On Monday the world gets another look at a total eclipse of the Sun. Viewers in the United States will be especially fortunate. See the map immediately below…and then please continue to scroll to a map showing the path of a previous solar eclipse—one that I witnessed for myself in 1999. I wrote about that eclipse here a few years ago; I’ve adapted that essay now for current circumstances.
Total Eclipse of August 21, 2017:
Total Eclipse of August 11, 1999:
During a total eclipse of the sun, the landscape darkens. But you knew that. What you might not know—what I didn’t know, anyway, when I observed a total solar eclipse on August 11, 1999—is that the experience comes with a lot of other sensory overload.
I found myself thinking about that eclipse while anticipating the one that will be happening Monday, beginning at 15:46 GMT over the Pacific Ocean and then barreling across the United States. In 1999, the path of totality cut across the heart of Europe and the abdomen of Asia; I saw it from the deck of a cruise ship in the Black Sea, courtesy of a magazine that paid all expenses—round-trip air to Athens, cruise passage, ground transportation—in exchange for an 800-word article. (Plus the fee for writing the article.) (Those were the days.) While I clearly remember the sight of the moon’s disk slipping in front of the sun’s—somewhere I have a tape recording of my on-the-scene musings, which, as I recall, consisted mostly of “Wow”s—I also can conjure, just as vividly, memories of what I didn’t expect.
First, the shadow. Of course a solar eclipse comes with a shadow. As a kid, I used to sit on the front porch of my house in Chicago and wait for the shadows of planes landing at O’Hare Airport to skim the grass in the field across the street. How could the moon not throw its own shadow? Still, I hadn’t thought to anticipate the onrush of midday darkness, so seeing it barreling toward me across the surface of the sea certainly got my attention.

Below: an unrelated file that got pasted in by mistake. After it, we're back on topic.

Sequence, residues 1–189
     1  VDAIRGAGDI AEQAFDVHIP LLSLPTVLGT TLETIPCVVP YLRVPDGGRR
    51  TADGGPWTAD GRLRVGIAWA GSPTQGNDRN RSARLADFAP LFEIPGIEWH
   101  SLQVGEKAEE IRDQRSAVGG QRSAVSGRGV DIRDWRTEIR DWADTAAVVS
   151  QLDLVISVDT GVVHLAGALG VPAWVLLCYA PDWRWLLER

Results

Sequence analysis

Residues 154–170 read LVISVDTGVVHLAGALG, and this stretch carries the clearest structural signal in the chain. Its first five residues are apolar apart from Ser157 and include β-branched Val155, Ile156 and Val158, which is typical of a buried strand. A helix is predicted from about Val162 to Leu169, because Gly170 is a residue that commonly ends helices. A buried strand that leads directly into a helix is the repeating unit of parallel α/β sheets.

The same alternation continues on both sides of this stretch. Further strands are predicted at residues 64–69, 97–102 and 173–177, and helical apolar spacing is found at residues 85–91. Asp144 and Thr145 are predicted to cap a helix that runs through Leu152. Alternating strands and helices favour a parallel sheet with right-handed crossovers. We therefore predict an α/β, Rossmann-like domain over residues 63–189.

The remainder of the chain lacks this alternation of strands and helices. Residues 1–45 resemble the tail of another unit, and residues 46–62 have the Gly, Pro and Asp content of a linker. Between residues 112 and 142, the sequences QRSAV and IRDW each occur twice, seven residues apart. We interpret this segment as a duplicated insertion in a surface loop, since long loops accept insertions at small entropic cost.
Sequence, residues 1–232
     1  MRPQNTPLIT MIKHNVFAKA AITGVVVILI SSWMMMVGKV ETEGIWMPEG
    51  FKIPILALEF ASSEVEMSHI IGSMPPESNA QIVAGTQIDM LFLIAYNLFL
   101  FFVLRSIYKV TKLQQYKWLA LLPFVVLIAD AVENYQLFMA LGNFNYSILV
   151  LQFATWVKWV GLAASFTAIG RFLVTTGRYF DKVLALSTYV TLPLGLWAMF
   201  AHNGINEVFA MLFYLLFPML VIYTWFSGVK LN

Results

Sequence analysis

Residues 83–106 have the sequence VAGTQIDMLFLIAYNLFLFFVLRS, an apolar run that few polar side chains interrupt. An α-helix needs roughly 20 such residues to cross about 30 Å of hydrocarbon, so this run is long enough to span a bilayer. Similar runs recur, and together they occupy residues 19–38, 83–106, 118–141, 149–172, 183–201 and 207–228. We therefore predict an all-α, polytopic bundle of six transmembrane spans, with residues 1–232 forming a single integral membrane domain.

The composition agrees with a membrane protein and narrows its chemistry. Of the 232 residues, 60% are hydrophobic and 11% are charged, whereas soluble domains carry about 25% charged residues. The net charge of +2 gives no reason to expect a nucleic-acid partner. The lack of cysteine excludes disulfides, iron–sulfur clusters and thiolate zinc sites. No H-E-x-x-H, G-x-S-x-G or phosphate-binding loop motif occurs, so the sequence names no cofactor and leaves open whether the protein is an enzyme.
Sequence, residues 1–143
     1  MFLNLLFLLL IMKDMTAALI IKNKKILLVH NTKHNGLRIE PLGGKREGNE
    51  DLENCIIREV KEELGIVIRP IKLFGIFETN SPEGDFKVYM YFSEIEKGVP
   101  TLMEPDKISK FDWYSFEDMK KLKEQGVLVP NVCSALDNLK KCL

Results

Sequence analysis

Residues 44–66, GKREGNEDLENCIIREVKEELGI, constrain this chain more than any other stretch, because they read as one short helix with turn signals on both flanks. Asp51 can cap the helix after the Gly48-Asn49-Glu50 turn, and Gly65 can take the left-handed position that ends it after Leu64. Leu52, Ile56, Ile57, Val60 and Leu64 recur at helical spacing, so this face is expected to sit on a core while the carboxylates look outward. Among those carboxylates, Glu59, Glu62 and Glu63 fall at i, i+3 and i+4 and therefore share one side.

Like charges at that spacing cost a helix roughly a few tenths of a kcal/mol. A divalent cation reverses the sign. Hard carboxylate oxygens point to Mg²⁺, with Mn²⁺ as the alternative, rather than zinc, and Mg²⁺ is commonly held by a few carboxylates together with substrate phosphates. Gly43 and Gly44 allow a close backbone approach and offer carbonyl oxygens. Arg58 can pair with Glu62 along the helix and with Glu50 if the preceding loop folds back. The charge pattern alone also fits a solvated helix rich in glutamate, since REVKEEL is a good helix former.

Then, the temperature. As soon as the edge of the moon belly-bumps the edge of the sun, the weather can turn noticeably cooler. On our ship, idling on open waters on a calm August afternoon, the temperature over the two-plus hours between first contact and totality dropped 21 degrees Fahrenheit, to 83.
Finally, the sounds of wildlife. As the sky darkens, animals will begin to settle down for the night, which in the case of birds means they will stop chirping. Witnesses describe the phenomenon as an eerie silence. I myself can’t speak from experience, since my ship was many dozens of miles from any shore.
Still, if you should find yourself on Monday in the path of totality, or even near it, just remember: Watch for the shadow, wait for the cooling, and listen for the sound of wildlife—not just the unnerving absence of birdsong, but the one that interrupted my own reverie: the release, from hundreds of humans staring up, of individual variations on the word “Wow.”
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Image credits: NASA.